The funeral was a cold occasion in her life. Some of her relatives openly stared at her others ignored her with icy disinterest. Many yawned at the funeral, checking their Armstrong watches. Harvey had watched as her Aunt Coralina fell asleep in her stiff wooden chair, her head falling on the shoulder of her dark-eyed husband. Harvey’s Aunt Coralina had been her mother’s older sister, and once married she had taken on the name Lebonn. Harvey couldn’t see her cousins in the crowd. They were not Coralina’s children, but Harvey had long ago learned not to ask about their mother. Harvey had noticed with a jolt that her uncle was staring at her, she had turned away then, finding something else to look at.
The will had been read. At the age of twenty-three she would inherit her father’s estate. Until that time it would be held in the hands of his elder brother Ransom Armstrong. Then the man reading the will spoke of a hidden list of succession that would be consulted if Ransom died before the estate was transferred to Harvey.
Harvey drew herself away from that memory.
She thought instead of what had happened years afterward. On the third anniversary of her father’s death, Harvey had found herself trying to hand the object of summoning to the Cat. He had refused to accept it. They were still close then, and there were not entirely unfounded rumors of love. Harvey had offered him the object of summoning, his heart, three more times, then never again.
The ache that now built inside of her reflected what she had felt then.
Harvey had felt her relationship with the Cat falling apart, but before she could decide how to save them both… he became distant. He kept leaving her alone and daring her to summon him. She hadn’t… not yet. He always returned before the sun touched the horizon. Except this time he hadn’t returned.
The doorknob shook violently and Harvey caught her breath. The words of her last conversation with the Cat echoed in her mind. “You are mine! You will obey me until we both burn.”
They were back again.
Because she was twenty-one and they wanted her life to end. They wanted Ransom to rule, she thought, No! Ransom had died. So had many others on the list of Armstrong successors until the line finally ended with Aunt Coralina’s harsh-eyed husband. There were only two things that could take the Armstrong fortune from him now, his own death and Harvey’s twenty-third birthday.
Hundreds of assassins had been sent after Harvey since her father’s death. The Cat had stopped them all. Harvey had watched the Cat kill with a morbid fascination. She had loved him for it. While she was protected, others in the Armstrong family were not. She had heard tales of the death of members of her family. The Lebonn twins drowned in the river. Aunt Coralina took an assassin’s bullet to the head. Ransom was poisoned. The tales were constant, new ones being told every day, until the number of relatives of the Armstrong family dwindled to one. Harvey’s dark-eyed uncle.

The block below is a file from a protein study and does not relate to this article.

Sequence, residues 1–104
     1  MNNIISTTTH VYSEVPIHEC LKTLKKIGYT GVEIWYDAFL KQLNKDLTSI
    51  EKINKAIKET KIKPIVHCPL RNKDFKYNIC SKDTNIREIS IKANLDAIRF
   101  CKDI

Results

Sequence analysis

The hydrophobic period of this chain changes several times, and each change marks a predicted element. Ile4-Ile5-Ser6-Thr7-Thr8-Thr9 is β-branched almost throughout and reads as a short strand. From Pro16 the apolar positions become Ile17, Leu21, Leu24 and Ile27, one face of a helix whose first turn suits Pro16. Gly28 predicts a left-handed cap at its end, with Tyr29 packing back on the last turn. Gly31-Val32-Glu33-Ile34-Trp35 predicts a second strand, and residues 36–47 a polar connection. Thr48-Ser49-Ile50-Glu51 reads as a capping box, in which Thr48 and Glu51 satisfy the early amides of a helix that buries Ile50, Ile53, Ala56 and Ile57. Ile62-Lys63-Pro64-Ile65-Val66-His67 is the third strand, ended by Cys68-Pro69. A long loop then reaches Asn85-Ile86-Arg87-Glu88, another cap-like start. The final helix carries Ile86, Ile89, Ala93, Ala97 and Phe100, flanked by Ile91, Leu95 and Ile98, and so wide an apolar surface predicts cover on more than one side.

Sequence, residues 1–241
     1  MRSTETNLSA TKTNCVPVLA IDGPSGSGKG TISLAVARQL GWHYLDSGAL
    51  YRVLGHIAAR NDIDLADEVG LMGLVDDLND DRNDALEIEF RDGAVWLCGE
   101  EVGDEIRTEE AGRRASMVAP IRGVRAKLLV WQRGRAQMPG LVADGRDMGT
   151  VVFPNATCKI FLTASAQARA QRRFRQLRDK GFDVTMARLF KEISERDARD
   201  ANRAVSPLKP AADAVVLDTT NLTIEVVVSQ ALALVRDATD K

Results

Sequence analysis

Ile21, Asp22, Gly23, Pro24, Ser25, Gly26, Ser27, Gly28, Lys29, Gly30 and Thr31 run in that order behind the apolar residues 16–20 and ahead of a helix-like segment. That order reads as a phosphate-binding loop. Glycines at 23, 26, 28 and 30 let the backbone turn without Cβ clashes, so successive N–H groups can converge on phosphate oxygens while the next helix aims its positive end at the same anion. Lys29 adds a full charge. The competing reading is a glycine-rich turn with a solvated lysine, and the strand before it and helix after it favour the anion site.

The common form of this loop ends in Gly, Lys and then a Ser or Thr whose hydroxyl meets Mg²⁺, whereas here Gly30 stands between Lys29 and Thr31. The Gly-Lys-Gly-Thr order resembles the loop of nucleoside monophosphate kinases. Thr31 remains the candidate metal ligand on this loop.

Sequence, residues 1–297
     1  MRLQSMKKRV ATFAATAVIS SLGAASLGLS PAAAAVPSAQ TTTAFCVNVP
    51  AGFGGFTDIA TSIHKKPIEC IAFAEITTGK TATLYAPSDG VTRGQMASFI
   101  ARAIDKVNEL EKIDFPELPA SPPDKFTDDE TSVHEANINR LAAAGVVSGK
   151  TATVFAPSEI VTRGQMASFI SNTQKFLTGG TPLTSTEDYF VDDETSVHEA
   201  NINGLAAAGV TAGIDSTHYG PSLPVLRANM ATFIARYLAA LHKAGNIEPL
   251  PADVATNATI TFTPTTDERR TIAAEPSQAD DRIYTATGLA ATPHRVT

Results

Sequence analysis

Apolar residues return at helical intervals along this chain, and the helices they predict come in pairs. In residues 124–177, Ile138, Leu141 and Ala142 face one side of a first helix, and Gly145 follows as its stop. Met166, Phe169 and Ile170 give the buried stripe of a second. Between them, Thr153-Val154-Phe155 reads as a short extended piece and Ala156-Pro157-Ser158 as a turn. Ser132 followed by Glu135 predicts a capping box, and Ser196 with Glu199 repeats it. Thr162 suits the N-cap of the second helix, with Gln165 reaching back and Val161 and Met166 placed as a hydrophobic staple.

Then finally she knew who took her family from her. It was the same man who had sent the assassins. The man who had killed his wife and drowned his children, her Uncle Lebonn. Now Harvey stood as the only lock, keeping him from his prize, but to him, she was just another lock to break. Harvey knew that time was running out. After she turned twenty-three, killing her would be pointless.
Tomorrow was Harvey’s twenty-third birthday.
The door shook violently as it was rammed against.
Fear pricked at the back of Harvey’s mind and she called out. Finally she could run.
Harvey dashed into the next room, knowing he wouldn’t make it in time. He would hear her. He would have to come. She knew he would run. But he would be too late. She stumbled through the unlit dining room, pushing aside haphazardly placed chairs.
Harvey made it to the bathroom. Then she softly closed the door behind her. She kept the light off as she crawled into the bathtub. She gently and quietly pulled the curtain closed. That was where she crouched, below the lip of the tub. She clasped the cold metal heart in her hand, feeling the rhythm of its pulse.
The night grew long.
The gun shots started.
She didn’t come out until fifteen minutes had passed. Then she crawled out of the bathtub awkwardly, on stiff limbs. She opened the door slowly, and seeing no movement and hearing nothing, she stepped out.
Her house was ruined.
Blood was splattered across the floor. She could see the bodies of two of those who had come to kill her; A man and a woman. The man was leaning against the far wall. The woman lying face down, was almost directly in her path. Their bodies were outlined in blood. Harvey could see their guns reflecting the light from the kitchen. Harvey knew there would be more of them, but then she knew he would have taken care of them as well. He had been coming back, or at least he hadn’t gone that far. The thought filled her with an emotion she had almost forgotten.
Harvey hesitated, glancing around the room. Her eyes fell upon the electric clock. Her fate was spelled out in green 12:01. Today was her twenty-third birthday. Killing her would no longer give her uncle the Armstrong estate. She had written in her own will that in the case of her death, the estate would be given to charity. She was free. Harvey pulled her eyes from the clock, a smile teasing the corners of her mouth. She faced the kitchen.
Then Harvey saw him.
The Cat was lying in his own carpet of red. He looked up at her and smiled even as his eyes grew dark with death.
The heart in Harvey’s hand stopped pulsing.
The Cat was gone.